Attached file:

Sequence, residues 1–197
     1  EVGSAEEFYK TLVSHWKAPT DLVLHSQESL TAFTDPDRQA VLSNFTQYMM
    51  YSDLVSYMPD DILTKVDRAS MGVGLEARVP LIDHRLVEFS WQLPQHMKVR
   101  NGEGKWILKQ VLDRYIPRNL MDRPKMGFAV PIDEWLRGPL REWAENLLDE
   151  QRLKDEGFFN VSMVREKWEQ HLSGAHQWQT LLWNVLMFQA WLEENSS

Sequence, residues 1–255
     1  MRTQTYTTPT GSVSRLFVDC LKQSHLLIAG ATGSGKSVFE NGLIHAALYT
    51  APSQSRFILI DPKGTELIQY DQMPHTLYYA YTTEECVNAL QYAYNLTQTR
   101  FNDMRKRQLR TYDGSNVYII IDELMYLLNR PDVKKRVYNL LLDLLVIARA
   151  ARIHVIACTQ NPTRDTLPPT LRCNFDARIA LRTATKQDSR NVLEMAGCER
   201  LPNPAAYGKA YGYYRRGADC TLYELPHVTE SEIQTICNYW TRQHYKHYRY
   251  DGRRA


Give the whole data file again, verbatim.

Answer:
Sequence, residues 1–197
     1  EVGSAEEFYK TLVSHWKAPT DLVLHSQESL TAFTDPDRQA VLSNFTQYMM
    51  YSDLVSYMPD DILTKVDRAS MGVGLEARVP LIDHRLVEFS WQLPQHMKVR
   101  NGEGKWILKQ VLDRYIPRNL MDRPKMGFAV PIDEWLRGPL REWAENLLDE
   151  QRLKDEGFFN VSMVREKWEQ HLSGAHQWQT LLWNVLMFQA WLEENSS

Sequence, residues 1–255
     1  MRTQTYTTPT GSVSRLFVDC LKQSHLLIAG ATGSGKSVFE NGLIHAALYT
    51  APSQSRFILI DPKGTELIQY DQMPHTLYYA YTTEECVNAL QYAYNLTQTR
   101  FNDMRKRQLR TYDGSNVYII IDELMYLLNR PDVKKRVYNL LLDLLVIARA
   151  ARIHVIACTQ NPTRDTLPPT LRCNFDARIA LRTATKQDSR NVLEMAGCER
   201  LPNPAAYGKA YGYYRRGADC TLYELPHVTE SEIQTICNYW TRQHYKHYRY
   251  DGRRA